genetic marker

(redirected from DNA marker)
Also found in: Dictionary, Thesaurus, Medical.
Related to DNA marker: DNA ladder, Genetic markers

genetic marker

[jə¦ned·ik ′märk·ər]
(genetics)
A gene whose phenotypic expression is easily discerned and thereby can be used to identify an individual or a cell that carries it, or as a probe to mark a nucleus, chromosome, or locus.
References in periodicals archive ?
In contrast, DNA markers are found in abundance and are not influenced by the environment or developmental stage of a plant, making them ideal for genetic relationships studies (Reddy et al.
Perhaps the most unusual security method, one that became available to customers Novemer 1 of this year, is the application of DNA markers to the boxes and labels.
Finding more fragments means researchers have a greater chance of finding DNA markers for genes that control desirable traits.
nobilis were constructed by analyzing the segregation of AFLP and microsatellite DNA markers in 80 F1 progenies, which furnished a basic tool kit for C.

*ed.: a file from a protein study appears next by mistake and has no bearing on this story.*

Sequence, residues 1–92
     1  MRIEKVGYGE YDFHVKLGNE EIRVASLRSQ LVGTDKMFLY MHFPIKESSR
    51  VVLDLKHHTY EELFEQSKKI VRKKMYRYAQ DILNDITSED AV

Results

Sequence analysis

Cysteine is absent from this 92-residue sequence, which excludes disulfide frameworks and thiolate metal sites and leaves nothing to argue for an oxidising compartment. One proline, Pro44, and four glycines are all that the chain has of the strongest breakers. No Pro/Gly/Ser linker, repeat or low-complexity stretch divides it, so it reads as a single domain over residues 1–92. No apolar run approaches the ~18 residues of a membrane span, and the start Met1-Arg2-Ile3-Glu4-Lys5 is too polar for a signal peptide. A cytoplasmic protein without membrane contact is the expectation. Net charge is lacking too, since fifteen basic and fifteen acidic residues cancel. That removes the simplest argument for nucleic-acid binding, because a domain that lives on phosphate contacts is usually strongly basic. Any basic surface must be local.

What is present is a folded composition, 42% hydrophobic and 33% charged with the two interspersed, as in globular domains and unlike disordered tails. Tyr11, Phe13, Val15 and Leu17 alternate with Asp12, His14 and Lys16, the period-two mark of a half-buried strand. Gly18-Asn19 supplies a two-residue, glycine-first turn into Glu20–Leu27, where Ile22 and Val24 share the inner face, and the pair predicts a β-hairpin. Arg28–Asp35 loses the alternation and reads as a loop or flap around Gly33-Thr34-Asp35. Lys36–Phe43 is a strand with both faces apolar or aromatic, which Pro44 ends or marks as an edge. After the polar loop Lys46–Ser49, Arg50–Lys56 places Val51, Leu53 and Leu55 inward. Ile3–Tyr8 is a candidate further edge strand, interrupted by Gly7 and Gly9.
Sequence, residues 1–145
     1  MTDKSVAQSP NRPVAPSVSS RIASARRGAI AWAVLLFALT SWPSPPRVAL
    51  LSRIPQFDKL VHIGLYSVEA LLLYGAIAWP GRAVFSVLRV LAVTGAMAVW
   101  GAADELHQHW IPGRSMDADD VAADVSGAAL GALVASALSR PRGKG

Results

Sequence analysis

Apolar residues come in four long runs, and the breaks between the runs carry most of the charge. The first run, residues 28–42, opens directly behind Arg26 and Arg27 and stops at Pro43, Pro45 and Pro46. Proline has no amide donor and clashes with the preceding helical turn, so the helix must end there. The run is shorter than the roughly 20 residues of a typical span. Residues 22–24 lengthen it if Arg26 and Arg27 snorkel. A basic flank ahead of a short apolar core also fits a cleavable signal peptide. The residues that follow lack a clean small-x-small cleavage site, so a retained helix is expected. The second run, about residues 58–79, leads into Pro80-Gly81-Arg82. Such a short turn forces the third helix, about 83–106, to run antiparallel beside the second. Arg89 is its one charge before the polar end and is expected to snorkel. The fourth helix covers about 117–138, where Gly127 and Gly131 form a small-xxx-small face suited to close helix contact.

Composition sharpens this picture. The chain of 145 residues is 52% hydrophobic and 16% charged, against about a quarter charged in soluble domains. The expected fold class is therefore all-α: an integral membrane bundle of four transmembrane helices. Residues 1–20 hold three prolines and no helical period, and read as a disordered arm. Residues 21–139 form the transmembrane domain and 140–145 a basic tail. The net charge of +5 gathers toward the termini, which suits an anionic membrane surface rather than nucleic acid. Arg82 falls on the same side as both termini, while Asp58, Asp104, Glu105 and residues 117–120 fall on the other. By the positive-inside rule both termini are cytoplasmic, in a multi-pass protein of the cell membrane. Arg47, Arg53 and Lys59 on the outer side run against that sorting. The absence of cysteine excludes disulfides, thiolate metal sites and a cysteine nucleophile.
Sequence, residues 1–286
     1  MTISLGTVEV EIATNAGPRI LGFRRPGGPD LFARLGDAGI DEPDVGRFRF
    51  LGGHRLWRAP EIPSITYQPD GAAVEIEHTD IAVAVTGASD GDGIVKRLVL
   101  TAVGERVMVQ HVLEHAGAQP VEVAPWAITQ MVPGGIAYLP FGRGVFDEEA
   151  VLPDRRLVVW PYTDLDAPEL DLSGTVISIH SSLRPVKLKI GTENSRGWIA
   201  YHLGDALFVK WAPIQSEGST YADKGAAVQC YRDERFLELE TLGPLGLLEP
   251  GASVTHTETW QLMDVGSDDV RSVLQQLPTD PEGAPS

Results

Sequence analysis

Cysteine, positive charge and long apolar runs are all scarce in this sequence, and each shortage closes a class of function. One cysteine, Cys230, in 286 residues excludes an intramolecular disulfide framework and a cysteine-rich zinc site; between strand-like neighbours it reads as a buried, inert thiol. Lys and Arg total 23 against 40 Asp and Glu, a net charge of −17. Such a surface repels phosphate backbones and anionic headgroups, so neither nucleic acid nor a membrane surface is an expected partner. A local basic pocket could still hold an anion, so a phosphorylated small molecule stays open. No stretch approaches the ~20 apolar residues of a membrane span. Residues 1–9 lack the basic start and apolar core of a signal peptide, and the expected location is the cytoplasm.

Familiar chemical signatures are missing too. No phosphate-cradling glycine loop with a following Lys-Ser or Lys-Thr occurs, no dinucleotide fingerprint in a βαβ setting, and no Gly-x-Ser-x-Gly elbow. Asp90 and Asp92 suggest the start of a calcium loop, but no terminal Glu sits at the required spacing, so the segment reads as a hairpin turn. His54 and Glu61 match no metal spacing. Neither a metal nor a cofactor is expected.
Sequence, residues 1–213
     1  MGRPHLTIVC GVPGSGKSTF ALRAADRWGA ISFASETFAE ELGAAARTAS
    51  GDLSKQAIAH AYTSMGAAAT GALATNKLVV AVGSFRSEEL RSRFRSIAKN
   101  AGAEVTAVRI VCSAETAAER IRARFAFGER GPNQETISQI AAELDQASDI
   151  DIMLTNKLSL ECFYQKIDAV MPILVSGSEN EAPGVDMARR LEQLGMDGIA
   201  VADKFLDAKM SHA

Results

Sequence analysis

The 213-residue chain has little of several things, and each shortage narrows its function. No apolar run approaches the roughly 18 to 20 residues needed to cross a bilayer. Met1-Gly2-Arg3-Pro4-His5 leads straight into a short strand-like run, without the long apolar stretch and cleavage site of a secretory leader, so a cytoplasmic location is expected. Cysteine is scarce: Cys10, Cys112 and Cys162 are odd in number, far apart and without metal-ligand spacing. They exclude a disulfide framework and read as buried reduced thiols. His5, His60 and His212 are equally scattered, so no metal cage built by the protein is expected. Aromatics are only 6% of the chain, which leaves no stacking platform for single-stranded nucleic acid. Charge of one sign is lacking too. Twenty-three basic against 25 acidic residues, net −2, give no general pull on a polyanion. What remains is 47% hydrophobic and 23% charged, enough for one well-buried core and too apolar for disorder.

Genetics similarity among four breeds of sheep in Egypt detected by random amplified polymorphic DNA markers.
Whereas DNA-based molecular markers are stable in many applications, they are unsuitable for use in nuclease-containing samples such as tissue; we do not, for example, observe any significant signal arising from 200 nM DNA markers stored for 10 days in blood serum.
Optaglio will offer the DNA marker on its hybrid labels which combine diffractive devices as the overt element with printed graphics and other authentication features.
Maps, by establishing the location, order, and relative distance of genes, anonymous DNA markers, and biologically important traits along a species' chromosomes, are critical tools in analyzing genetic contribution to a given disease state.
Whereas in Pakistan race 2 from Thal area whereas a biotype of race 6 was identified from Thar and Faisalabad regions based on DNA markers and conventional data (Ali, 2014).
These DNA sequences are useful resources for developing DNA markers.
We then explored differentially methylated CpG sites in the placenta and in maternal blood cells as possible fetus-specific DNA markers in maternal plasma.